LABORATORY OF IMMUNOLOGY AND CELLULAR STRESS
Our immune system has evolved specialized mechanisms to coordinate immunity to noxious threats while maintaining host homeostasis. A paradigm of immunology refers to the concept of ‘pattern recognition’, where immune cells express receptors that recognize signatures present in foreign stimuli or abnormal self for coordination of long-lasting immunity. Nevertheless, emerging evidence indicates that the immune system does not only decode information through pattern recognition-associated mechanisms, but is also able to sense alterations in cellular homeostasis that emerge by disruption of normal physiology (such as accumulation of misfolded proteins, hypoxia, or nutrient deprivation). The cellular mechanisms involved in the recognition of a stressor, adaptation, and restoration of the system to the homeostatic state are collectively known as ‘cellular stress responses’, and their contribution to the initiation of immunity remains to be fully elucidated.
Our laboratory focuses on understanding how innate immune cells interpret signs of cellular stress and what signaling events downstream of stress responses are relevant for the initiation of immunity. Our research group aims to understand how cellular stress regulates the initiation of immunity. A major focus of our research is centered around the unfolded protein response, the main intracellular mechanism responsible to decode endoplasmic reticulum stress, in myeloid cells. To this end, we use relevant models of cancer and chronic inflammation and also translate some of these principles to human cells. Understanding of the molecular mechanisms by which cellular stress contributes to shape an immune response may have huge potential for treatment of chronic inflammatory diseases and for developing new vaccines.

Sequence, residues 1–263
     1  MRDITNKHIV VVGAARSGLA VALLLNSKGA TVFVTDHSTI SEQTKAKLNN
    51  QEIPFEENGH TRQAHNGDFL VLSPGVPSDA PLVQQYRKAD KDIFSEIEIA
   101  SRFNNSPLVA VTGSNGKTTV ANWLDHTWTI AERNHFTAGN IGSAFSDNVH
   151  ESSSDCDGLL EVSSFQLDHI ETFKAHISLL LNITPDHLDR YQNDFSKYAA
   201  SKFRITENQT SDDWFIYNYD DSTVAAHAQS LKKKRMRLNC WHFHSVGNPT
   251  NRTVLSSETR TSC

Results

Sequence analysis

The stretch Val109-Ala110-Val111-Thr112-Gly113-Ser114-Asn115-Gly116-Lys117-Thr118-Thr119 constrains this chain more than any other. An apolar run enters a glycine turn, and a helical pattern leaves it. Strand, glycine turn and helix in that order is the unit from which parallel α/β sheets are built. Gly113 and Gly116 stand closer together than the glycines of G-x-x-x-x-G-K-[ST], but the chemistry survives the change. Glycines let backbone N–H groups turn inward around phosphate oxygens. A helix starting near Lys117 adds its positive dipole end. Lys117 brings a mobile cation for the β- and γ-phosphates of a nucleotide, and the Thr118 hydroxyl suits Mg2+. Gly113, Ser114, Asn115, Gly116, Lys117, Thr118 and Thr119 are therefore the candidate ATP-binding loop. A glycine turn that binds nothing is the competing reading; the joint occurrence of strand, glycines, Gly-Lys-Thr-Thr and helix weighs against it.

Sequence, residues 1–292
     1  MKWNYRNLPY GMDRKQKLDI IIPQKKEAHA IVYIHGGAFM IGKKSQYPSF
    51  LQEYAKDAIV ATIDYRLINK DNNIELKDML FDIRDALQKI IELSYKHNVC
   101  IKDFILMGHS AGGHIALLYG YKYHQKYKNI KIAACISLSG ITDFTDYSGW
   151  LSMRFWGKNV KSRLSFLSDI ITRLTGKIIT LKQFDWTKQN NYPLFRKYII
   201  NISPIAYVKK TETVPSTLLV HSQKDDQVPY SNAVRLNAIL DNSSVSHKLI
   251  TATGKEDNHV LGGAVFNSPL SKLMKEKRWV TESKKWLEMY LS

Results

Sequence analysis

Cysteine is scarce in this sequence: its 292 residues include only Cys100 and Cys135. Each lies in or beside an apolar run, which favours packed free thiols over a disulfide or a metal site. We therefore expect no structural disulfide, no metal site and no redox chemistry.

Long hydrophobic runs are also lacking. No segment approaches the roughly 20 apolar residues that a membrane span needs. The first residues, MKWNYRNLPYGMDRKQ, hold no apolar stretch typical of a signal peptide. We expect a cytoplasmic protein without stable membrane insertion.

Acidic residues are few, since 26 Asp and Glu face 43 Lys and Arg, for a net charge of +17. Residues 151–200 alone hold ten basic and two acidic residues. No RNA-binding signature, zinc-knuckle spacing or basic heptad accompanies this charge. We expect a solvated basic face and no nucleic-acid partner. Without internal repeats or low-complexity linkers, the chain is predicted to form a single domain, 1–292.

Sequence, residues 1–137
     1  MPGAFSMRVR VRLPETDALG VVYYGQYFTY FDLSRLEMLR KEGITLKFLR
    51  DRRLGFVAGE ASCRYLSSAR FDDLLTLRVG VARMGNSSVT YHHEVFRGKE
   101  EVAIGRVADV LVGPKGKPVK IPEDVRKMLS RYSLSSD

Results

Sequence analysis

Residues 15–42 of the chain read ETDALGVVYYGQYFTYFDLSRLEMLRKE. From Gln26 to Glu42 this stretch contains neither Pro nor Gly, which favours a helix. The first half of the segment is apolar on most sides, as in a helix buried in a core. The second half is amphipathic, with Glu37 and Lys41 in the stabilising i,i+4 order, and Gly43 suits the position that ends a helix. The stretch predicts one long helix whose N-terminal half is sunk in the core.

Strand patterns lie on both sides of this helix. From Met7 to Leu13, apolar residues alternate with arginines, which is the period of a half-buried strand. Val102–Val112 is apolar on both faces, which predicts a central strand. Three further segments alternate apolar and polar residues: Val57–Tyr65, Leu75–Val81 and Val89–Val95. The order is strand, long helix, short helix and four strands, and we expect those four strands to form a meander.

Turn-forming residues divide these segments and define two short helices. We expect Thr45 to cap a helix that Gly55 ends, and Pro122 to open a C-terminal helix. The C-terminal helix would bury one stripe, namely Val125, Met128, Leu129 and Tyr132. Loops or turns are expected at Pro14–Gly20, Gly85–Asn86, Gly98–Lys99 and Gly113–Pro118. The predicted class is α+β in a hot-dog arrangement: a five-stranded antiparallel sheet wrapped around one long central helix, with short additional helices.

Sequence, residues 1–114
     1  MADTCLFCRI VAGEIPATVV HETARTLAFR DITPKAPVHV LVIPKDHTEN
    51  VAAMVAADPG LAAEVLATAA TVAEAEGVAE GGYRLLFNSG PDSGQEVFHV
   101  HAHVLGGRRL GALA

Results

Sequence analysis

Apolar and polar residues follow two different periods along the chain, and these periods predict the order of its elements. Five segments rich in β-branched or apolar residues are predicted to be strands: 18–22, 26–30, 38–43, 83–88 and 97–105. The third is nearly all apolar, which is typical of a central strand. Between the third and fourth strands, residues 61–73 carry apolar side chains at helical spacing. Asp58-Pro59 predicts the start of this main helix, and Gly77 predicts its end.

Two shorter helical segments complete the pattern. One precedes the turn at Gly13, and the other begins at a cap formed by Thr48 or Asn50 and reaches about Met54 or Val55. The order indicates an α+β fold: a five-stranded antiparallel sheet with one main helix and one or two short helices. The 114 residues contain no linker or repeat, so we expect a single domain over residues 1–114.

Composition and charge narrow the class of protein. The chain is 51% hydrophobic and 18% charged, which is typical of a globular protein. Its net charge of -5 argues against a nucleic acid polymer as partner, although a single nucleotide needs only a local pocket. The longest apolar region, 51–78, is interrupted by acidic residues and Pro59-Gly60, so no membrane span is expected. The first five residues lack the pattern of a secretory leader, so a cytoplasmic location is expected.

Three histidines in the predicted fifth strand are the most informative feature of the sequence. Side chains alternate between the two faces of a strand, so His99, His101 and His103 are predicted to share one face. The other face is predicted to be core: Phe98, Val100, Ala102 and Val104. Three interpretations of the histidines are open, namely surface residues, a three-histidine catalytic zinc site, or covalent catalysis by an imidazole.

- Regulation of dendritic cell function by the unfolded protein response (UPR)
- ER stress in the control of tolerance to infection
- Control of myeloid cell homeostasis by the UPR in the tumor microenvironment
- Cellular stress responses as regulators of the function of antigen presenting cells in mice and human
Laboratorio de Inmunología y Estrés Celular
Institute of Biomedical Sciences (ICBM)
Faculty of Medicine
University of Chile
Avenida Independencia 1027
Block I, 3rd Floor
Post code 8380453
Phone number: +56229789598